A moment captured during the annual Canadian Firefighters Memorial remembrance ceremony, which took place on Sept. 11 in Ottawa. Contributed photo

OTTAWA: A man who tirelessly dedicated more than half a century to his community through firefighting now has his name etched on a national memorial dedicated to honouring those who have contributed selflessly to the life-saving service.

Art Andrews, who founded the Auld’s Cove Volunteer Fire Department, served as its chief for more than 40 years. In its early days, Art and his beloved wife Janice hosted bingo games and dances in their basement as a way of financing the community initiative.

Andrews, who passed away on April 7, 2020, just a few days shy of his 83nd birthday, pioneered and served on the board of Strait Mutual Aid, as well as the fire school board, for almost 30 years. He also was a member of the Cape Breton Fraternal Association and the Nova Scotia Firefighters Association for more than 40 years.

He died of multiple cancers, which were attributed to his career as a volunteer firefighter.

Andrews was one of 82 names, including four other Nova Scotians, added to the Canadian Firefighters Memorial in Ottawa, with a ceremony commemorating the occasion taking place in Ottawa on Sept. 11.

The Canadian Fallen Firefighters Foundation (CFFF) unveiled the national monument in 2012, which came after more than a decade of planning, including extensive fundraising.

In an interview with The Reporter, a few days before the 2022 ceremony, CFFF President David Sheen explained that the group reached the milestone without any monies coming from government sources.

“People stepped up; the response was incredible,” he said, noting supporters hosted events, while corporate sponsors also offered their assistance.

He noted that the Canadian Firefighters Memorial is often described as a crown jewel of the many monuments found in the country’s capital city.

Sheen reflected on the establishment of the CFFF by a group of “interested individuals” in Ottawa.

“They were concerned that there was no national monument,” he offers of their focus on remembering fallen firefighters and their sacrifices on that type of stage.

While adopting the mantra “honour, remember and support,” the group created a foundation that not only financed and erected the national memorial, but also provides support for the families of fallen firefighters.

After last Sunday’s ceremony, the Canadian Firefighters Memorial is now adorned with 1,811 names.

Along with Andrews, Bluenosers receiving the honour were Todd Arenburg (Bridgewater), Skyler Blackie (Truro), Christopher Myers (Enfield) and David Galley (Waterville).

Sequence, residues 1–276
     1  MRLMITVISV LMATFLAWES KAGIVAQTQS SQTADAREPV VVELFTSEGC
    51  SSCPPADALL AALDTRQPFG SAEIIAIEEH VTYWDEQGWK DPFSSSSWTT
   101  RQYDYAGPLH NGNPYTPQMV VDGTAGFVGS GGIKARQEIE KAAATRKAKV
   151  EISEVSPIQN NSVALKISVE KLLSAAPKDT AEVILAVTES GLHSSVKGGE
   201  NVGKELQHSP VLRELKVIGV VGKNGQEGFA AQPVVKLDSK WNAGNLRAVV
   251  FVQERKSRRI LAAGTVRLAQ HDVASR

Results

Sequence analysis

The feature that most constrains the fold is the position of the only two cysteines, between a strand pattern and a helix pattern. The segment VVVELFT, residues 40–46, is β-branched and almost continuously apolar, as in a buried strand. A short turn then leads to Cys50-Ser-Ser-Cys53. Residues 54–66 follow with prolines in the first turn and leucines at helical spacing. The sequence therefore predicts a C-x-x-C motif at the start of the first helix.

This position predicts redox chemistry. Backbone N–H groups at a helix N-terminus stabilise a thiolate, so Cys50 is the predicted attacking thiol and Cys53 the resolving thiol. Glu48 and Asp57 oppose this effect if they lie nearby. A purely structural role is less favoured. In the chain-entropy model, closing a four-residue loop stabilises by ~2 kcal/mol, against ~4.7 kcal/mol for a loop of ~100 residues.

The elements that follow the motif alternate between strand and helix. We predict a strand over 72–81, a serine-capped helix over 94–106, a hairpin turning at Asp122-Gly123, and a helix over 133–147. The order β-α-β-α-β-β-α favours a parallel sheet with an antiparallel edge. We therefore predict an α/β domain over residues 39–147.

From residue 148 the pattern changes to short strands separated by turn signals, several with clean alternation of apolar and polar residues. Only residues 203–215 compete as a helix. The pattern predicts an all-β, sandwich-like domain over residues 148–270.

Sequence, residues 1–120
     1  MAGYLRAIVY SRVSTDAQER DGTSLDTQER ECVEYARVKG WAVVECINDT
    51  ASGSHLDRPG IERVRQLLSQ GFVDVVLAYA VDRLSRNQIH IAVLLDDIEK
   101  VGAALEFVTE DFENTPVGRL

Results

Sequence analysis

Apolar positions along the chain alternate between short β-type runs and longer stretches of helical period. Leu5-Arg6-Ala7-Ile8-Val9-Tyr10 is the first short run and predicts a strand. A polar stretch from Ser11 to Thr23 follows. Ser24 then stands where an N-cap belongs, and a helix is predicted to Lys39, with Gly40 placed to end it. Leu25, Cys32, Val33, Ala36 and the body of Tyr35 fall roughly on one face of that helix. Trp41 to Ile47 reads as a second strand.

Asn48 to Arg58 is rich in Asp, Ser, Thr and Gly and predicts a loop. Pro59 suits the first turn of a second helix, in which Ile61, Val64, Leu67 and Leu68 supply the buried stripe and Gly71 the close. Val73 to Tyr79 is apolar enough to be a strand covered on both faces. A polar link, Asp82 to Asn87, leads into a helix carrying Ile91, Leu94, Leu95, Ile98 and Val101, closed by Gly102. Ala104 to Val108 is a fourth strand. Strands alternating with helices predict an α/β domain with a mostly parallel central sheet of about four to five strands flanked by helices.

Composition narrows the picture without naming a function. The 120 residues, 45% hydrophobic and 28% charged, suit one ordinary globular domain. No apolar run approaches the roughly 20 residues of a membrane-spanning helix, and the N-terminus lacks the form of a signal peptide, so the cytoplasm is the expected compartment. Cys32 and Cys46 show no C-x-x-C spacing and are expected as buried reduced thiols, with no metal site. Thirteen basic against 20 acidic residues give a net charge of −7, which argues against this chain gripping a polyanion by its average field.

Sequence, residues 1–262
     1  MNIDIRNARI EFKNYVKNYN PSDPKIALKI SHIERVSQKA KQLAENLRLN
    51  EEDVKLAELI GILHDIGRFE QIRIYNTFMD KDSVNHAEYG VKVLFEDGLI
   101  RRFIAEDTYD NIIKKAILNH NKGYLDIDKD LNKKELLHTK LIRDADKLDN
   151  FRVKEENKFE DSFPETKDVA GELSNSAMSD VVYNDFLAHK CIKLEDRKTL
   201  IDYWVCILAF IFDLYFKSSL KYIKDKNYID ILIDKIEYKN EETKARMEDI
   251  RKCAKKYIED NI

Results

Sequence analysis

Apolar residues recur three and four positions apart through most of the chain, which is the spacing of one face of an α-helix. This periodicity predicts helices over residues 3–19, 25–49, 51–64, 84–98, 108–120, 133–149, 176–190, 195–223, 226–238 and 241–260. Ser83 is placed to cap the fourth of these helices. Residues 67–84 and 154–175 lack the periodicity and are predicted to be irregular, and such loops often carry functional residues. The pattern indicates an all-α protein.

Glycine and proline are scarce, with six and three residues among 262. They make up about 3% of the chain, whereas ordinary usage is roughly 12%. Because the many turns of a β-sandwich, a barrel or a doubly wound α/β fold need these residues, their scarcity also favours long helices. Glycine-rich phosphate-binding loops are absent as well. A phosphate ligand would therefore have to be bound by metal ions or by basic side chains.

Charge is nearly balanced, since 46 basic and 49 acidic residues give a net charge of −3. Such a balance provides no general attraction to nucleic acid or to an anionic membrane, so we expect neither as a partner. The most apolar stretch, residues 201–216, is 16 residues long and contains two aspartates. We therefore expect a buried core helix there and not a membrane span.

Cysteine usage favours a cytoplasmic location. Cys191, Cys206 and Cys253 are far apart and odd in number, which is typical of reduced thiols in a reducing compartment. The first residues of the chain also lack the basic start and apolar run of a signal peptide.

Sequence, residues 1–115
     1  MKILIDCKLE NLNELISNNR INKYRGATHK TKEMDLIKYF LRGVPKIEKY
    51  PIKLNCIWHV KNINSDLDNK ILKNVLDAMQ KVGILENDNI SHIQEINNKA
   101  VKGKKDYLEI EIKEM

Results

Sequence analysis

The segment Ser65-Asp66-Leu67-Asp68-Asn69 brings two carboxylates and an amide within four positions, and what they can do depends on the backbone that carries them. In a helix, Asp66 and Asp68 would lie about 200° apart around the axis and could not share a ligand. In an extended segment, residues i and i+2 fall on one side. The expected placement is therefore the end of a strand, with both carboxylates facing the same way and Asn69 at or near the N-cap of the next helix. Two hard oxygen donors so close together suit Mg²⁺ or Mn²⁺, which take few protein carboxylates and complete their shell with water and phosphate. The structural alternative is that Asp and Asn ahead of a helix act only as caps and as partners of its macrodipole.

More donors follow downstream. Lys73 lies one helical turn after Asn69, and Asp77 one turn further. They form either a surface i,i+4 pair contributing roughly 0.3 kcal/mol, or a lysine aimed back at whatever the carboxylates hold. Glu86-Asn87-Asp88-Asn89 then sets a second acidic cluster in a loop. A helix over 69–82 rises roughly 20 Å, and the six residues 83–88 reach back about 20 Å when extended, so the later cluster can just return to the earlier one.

The first two female firefighters, the late Patricia Byrd and Carla Kulczycki, also had their names added to the memorial.

Along with those who lost their lives “in the line of duty,” there are those firefighters who have and are dying from a “large number of occupational illnesses,” a category that is expected to steadily increase as the years go by, according to Sheen.

The annual memorial ceremony coincides with Firefighters’ National Memorial Day, when flags across Canada fly at half mast.

The Andrews family was one of 29 whose loved one died while on active duty, or within two years of retirement, which were presented with an honorary helmet at the memorial ceremony.

“Our hearts are heavy as we remember these fallen firefighters; their professionalism, courage, compassion, and service offered to others in a time of need,” Sheen said in a CFFF press release. “Firefighters face harrowing risks every day to protect their communities. This memorial ceremony is a stark reminder that their sacrifice is not only of themselves, but also their loved ones, families, and friends.”

In the same press release, Bill Blair, federal minister of emergency preparedness, assured that Canada’s national government “will continue to honour those who have made the ultimate sacrifice in their work to protect us all.”

Along with the memorial helmet presentation, on Firefighters’ National Memorial Day the Canadian Fire Service pays tribute to the fallen with the ringing of the fire bell, a tradition that is more than 200 years old.

“When the fire was out, it was a bell that signalled the completion of the call,” Sheen explained. “If a firefighter died in the line of duty, it was the toll of the bell, three rings three times that solemnly announced a comrade’s passing.”

When it comes to the annual memorial ceremony, Sheen said, “It is always incredible,” a morning filled with “touching moments.”

He agreed that the 2022 event would be extra special, considering there hadn’t been an in-person ceremony since 2019 due to the COVID-19 global pandemic, which was live-streamed on Facebook. Because of that, three years of recipients will be honoured, with families from each in attendance.

Noting that those remembered on the memorial have “paid the ultimate price and need to be honoured,” Sheen offered that the CFFF focuses on ensuring that they, and their families, “will never be forgotten.”

“It drives us,” he said.

Sheen added that the “biggest fear” for most of the families they work with is that their loved ones will be forgotten.

For more information on the Canadian Fallen Firefighters Foundation and its work, visit: www.cfff.ca.